The Lenape Trail continues to descend, crossing a bridle path on the way. Towards the base of the descent, it begins to parallel a stream in a ravine on the right. After crossing the stream on rocks, the trail crosses a road improved with large stone steps, then bears right and passes through an area with many rhododendron bushes. The Lenape Trail turns left at a T-intersection, crosses the red-on-white-blazed Hemlock Falls Loop, and descends on a switchback. After turning sharply left, it reaches the base of Hemlock Falls, a scenic waterfall. Benches have been placed here, and this is a good spot to rest and enjoy the beautiful setting.
When you’re ready to continue, cross a footbridge over the stream. (To the right are stone steps that lead to the top of the waterfall.) The Lenape Trail heads west, following a wide path along the stream and passing Hobble Falls on the right. Soon, it reaches a junction with a wide bridle path, marked by a signpost for the Rahway Trail. The Lenape Trail turns right at this junction, but you should continue ahead, now following the white blazes of the Rahway Trail. This trail will be your route for the remainder of the hike.
As the trail curves to the left, you’ll notice the start of a black-on-white-blazed trail on the right. Just ahead, the Rahway Trail crosses the Rahway River on rocks and immediately turns left to parallel the stream. Note: Unless the water level is low, this stream crossing is difficult or impossible. If you are unable to cross the stream, retrace your steps to the black-on-white trail, turn left, and follow this trail over the South Orange Avenue vehicular bridge and back to the Rahway Trail.
Soon, the Rahway Trail climbs gradually to run along the side of the hill, with the river below. This is a particularly beautiful section of the hike. After passing ruins of a stone building on the right, the trail descends to river level, crosses a tributary stream on rocks, and climbs over a rise, where a green/white trail joins.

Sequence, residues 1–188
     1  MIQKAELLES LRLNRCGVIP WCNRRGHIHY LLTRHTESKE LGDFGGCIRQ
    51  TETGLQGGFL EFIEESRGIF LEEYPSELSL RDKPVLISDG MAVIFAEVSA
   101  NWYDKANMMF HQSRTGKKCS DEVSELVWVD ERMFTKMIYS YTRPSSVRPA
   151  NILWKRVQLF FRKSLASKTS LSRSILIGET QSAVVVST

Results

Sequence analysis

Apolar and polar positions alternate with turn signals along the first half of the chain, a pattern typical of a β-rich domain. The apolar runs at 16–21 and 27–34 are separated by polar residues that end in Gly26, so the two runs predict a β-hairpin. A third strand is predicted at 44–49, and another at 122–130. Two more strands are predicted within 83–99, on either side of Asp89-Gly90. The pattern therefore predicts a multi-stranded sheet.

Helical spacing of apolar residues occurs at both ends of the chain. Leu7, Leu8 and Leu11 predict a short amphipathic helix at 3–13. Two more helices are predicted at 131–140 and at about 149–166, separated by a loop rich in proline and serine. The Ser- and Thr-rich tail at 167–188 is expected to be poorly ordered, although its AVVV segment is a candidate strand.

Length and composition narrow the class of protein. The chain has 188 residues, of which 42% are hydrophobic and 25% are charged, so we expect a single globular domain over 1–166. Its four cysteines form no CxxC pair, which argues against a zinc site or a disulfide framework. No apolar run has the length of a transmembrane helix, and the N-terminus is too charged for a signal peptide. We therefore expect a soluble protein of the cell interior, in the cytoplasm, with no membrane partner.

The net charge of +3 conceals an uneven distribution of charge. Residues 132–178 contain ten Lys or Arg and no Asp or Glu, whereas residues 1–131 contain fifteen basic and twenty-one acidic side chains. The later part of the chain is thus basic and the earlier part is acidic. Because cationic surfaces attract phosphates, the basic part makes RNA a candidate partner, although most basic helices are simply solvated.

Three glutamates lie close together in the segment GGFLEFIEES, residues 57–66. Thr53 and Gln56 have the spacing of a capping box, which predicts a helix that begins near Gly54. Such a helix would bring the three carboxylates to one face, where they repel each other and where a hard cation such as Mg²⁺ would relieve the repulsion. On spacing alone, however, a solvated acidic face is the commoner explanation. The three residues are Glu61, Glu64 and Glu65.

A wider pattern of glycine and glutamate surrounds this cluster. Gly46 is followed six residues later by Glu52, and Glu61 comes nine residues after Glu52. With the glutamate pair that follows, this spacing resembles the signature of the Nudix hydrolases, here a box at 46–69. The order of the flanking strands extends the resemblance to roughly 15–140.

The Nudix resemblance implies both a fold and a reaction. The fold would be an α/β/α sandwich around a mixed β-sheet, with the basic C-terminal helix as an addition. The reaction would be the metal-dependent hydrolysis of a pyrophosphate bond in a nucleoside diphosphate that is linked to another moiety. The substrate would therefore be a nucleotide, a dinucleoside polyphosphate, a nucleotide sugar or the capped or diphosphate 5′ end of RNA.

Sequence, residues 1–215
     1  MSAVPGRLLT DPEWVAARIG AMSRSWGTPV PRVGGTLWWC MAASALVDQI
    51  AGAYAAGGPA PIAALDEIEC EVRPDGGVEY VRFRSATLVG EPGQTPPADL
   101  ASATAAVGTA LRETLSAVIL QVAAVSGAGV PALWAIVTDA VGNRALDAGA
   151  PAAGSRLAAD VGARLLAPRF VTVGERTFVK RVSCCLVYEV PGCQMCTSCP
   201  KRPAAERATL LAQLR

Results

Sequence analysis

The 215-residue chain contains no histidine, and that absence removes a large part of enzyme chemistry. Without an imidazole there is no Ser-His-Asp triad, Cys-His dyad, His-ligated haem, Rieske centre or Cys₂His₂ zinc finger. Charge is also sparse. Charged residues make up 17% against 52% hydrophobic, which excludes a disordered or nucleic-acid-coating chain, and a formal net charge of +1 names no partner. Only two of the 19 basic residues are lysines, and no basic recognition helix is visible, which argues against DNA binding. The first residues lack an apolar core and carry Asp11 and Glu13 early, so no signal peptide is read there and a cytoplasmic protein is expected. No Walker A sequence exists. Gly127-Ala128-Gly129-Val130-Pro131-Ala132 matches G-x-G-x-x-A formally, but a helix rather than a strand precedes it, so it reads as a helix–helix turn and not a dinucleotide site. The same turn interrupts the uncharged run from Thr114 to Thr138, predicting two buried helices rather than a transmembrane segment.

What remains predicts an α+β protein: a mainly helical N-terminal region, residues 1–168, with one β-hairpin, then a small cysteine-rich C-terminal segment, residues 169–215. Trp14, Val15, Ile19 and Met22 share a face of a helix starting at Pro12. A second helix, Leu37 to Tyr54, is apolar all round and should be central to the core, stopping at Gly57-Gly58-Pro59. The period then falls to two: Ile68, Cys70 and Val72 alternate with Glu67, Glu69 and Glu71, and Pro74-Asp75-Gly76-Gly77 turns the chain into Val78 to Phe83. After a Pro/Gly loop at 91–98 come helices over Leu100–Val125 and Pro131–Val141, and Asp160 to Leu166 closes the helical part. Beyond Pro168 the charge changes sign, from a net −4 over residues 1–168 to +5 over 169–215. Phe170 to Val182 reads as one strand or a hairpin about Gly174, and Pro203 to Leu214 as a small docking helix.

Just beyond, you’ll reach an intersection with a bridle path. Turn left, following the white blazes, recross the river on a stone-faced bridge, and immediately turn right onto a footpath.
The white-blazed trail now heads south, running between the bridle path (to the left) and the river (to the right). For most the way, the trail closely parallels the river. As of this writing, much of this trail section is poorly blazed, but you should be able to follow the footpath that runs between the bridle path and the river.
After passing a low concrete dam in the river, the trail crosses Beech Brook (a tributary stream). If this stream crossing is difficult, you can detour on the bridge of the parallel bridle path. Soon, the road on the opposite side of the river (Brookside Drive) begins to run directly along the river. You’ll pass another low concrete dam in the river (the start of a blue/white-blazed trail).
Just beyond, the white blazes join the bridle path for 200 feet, then turn right and enter a rhododendron grove. Soon, you’ll pass to the left of Campbell’s Pond, where a large abandoned brick building – which once served as a pumping station for the City of Orange – may be seen along the river. The Rahway Trail now crosses Maple Brook on a stone-faced bridge, then crosses two branches of the bridle path. A short distance beyond, the trail turns left onto the bridle path, follows it for 200 feet, then turns right, onto a footpath.